One important exception for race licensing is mountain biking. Professional mountain bike racing in the United States is governed by NORBA (National Off-Road Bicycle Association, a division of USAC) and requires a NORBA license. However, here in the Mid-Atlantic nearly all mountain bike races are unsanctioned grassroots events and you will have a difficult time finding NORBA events. Opinions may vary, but for mountain biking I prefer small, fun grassroots events and I don't miss the licensing requirements. The relationship between NORBA and mountain bike racing may vary by region as well.

If you decide you want to get your feet wet and race, there are lots of places to find out about races, but I would start with bikereg.com. Bikereg is by far the easiest way to find and register for all types of cycling events. If you need further race recommendations you can ask your local bike shop, local teams and any friends that race.

Velo Orange is not about racing so it may seem like an oxymoron for us to post about racing and why you should do it, but we don't think so. Racing certainly isn't for everyone, but it isn't mutually exclusive to the relaxed touring, rando and city riding we stand for. I'm thrilled to race one weekend and go bike camping the next. Two VO staff members race and it is simply another aspect of the sport of cycling that we love. If you love something then why not involve yourself in as many ways as possible, have some fun, and maybe meet some new friends? That is why we cycle: fun and friends.

Photo 1 by JoeMallis.com, photo 2 by Jen Linko

24 June, 2011

Frame Plans

I've been pondering the Rando frame and its possible successor. Before I go on, let me say that we still have plenty of Rando frames available and plan to continue to offer them. They get great reviews and the folks who bought them seem to love them. Check out the nice article on the Chasing Mailboxes blog about Mark B's VO rando. Nonetheless, after the new VO 650b Polyvalent (due in late summer) and the 700c Polyvalent tourer (due in early 2012) we'll need a new frame project to work on.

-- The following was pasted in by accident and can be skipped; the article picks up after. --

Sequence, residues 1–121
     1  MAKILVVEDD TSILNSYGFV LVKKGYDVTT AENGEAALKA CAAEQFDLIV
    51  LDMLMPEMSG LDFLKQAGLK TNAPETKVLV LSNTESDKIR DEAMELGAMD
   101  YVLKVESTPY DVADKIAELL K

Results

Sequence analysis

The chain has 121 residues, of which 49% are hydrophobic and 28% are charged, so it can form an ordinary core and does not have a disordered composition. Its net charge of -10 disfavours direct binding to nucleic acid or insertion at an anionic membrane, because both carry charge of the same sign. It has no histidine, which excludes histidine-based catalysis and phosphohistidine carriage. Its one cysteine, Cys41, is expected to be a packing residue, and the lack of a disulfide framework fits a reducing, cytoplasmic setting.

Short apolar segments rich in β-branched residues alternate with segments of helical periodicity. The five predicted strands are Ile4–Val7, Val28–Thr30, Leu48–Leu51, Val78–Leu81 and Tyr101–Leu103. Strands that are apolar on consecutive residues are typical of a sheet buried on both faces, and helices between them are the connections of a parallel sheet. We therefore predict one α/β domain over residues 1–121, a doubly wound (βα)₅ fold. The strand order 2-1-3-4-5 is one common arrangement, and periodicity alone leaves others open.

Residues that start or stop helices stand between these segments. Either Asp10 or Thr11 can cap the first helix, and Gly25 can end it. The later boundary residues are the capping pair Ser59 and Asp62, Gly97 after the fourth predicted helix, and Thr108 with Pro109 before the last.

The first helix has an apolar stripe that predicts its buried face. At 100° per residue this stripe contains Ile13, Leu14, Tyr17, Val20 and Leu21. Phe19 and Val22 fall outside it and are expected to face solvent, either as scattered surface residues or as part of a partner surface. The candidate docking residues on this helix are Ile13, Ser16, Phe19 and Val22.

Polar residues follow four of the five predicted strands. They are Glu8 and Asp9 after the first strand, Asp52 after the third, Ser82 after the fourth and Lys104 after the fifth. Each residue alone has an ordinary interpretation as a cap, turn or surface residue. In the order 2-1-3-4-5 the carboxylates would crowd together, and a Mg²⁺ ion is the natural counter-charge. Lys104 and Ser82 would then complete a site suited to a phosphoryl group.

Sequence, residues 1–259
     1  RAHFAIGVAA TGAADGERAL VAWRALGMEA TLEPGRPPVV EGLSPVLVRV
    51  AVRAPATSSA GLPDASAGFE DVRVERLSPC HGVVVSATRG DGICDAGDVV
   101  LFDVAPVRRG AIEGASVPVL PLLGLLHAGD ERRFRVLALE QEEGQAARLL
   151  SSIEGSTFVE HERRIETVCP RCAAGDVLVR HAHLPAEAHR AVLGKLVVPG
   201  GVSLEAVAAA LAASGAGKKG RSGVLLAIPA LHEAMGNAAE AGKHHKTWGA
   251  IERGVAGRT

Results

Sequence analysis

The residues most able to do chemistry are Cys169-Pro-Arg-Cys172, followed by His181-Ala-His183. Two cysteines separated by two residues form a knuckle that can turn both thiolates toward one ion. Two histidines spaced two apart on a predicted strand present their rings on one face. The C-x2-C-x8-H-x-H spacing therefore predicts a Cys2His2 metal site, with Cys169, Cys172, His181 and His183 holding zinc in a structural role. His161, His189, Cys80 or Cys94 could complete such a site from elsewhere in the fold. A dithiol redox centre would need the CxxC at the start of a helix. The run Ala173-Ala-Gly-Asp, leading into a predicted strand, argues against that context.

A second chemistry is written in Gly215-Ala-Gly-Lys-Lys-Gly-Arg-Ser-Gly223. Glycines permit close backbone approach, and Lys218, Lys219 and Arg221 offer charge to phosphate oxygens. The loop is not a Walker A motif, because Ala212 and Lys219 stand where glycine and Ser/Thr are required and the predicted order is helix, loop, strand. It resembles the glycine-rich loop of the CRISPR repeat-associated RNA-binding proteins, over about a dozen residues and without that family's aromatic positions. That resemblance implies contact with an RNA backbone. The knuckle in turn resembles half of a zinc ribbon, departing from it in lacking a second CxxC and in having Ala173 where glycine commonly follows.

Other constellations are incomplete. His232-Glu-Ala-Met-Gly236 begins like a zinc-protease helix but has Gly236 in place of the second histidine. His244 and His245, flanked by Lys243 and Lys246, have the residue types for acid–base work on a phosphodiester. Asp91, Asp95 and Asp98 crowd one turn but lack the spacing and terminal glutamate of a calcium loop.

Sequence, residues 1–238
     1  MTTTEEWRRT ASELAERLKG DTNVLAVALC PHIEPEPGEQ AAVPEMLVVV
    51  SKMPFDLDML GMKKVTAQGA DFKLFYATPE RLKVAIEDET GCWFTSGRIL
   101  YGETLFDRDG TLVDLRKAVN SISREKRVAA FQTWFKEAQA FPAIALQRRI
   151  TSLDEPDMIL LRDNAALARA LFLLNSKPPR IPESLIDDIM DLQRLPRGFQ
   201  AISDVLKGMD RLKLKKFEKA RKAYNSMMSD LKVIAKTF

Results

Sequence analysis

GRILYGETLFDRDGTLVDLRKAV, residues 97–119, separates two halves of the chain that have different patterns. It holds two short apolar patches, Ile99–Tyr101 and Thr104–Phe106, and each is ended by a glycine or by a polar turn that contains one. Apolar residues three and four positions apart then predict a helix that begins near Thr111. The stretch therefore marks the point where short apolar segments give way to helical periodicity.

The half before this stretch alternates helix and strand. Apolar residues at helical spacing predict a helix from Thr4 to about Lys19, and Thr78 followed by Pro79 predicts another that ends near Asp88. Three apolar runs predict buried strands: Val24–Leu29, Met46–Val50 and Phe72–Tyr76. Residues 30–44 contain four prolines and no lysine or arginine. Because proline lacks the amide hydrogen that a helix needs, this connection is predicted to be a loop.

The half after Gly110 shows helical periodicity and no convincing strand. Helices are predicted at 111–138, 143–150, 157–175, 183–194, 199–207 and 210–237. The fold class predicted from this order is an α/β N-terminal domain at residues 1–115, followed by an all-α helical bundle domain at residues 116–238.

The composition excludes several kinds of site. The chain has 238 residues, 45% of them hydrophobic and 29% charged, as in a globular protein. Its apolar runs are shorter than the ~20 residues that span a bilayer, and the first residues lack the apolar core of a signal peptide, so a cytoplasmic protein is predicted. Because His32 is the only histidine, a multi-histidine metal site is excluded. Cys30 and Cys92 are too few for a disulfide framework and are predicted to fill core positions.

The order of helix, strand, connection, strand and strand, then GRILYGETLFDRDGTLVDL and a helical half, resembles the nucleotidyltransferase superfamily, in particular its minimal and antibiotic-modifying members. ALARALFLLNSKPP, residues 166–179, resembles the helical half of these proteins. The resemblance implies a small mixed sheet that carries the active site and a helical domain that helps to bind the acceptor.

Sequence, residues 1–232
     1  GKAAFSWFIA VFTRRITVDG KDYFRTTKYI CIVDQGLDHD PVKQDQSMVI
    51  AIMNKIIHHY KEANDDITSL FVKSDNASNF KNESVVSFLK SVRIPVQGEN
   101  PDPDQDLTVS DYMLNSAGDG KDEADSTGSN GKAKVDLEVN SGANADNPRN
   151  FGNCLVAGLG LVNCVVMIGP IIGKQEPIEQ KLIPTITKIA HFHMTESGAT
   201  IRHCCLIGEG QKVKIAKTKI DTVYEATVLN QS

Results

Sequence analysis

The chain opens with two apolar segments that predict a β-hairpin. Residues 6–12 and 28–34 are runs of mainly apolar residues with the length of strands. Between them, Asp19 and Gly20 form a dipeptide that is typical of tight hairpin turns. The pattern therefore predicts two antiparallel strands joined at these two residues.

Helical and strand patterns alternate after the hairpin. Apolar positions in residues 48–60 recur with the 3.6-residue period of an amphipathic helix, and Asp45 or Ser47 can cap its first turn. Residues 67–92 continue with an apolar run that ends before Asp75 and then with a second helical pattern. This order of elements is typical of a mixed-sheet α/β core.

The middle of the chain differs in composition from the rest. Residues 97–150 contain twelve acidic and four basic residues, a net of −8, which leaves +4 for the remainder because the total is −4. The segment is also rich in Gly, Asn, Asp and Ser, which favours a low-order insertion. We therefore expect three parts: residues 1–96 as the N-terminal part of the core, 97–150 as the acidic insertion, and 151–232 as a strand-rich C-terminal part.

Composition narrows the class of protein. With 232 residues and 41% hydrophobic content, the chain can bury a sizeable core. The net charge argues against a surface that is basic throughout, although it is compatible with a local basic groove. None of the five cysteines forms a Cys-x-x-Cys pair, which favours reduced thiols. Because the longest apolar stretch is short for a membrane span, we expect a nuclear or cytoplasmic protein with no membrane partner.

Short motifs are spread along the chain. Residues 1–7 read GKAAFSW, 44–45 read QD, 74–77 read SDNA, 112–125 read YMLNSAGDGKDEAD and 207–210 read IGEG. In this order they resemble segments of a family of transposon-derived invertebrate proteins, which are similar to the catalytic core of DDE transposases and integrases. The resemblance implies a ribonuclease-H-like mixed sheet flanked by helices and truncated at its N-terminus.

The next model may be a TIG welded VO Pass Hunter based on my own bike. Here are a few of my thoughts and ideas:

  • It will be a low-trail design with geometry much like a Rando's.
  • Ideal tire size would be 32mm, though 35mm would fit.
  • It will have canti brakes since a pass hunter is meant to be ridden up and down mountains. 
  • Being TIG welded, it'll be a little lighter than the Rando. As much as I love lugs it's hard to get over the fact that they add $200-$400 to the price of a frame while offering only aesthetic benefits.
  • We may use a lighter, and more expensive, tube set. This is a bit of a trade-off since thinner wall tubing is also easier to dent. We've even talked about using Reynolds 953. Still not sure if this is really worthwhile.
  • Vertical dropouts, of course.

20 June, 2011

A Nice Porteur

This lovely Lee Cooper Porteur by Alex Hatfield won the Best Utility Bike category at the Bespoke Bristol show. Note all the VO parts, racks, bar, chain case, fenders, etc. Alex says, "Without Velo Orange it would have been a very difficult project to complete". The frame is designed to carry serious loads and handle properly while doing so.

15 June, 2011

Bespoked Bristol, The UK Handbuilt & Boutique Bicycle Show

Jamie of Freshtripe (our UK distributor) sent along some photos and links from the Bespoked Bristol, The UK Handbuilt & Boutique Bicycle Show. It looked to be a great show with some amazing bikes.
 Jamie writes:
The show was a great success, I think everybody including the organisers were taken aback by the turnout - we were swamped all weekend with customers (new and old) who were pleased to be able to meet us and get their hands on the VO parts up close. The Rando build went down a storm and was great at illustrating the range of parts, a few people declared it their favourite bike of the show, quite a compliment given the competition! The stand was also a favourite as we'd gone for a traditional butchers theme (playing on the Freshtripe name) with the parts tagged and layed out on platters..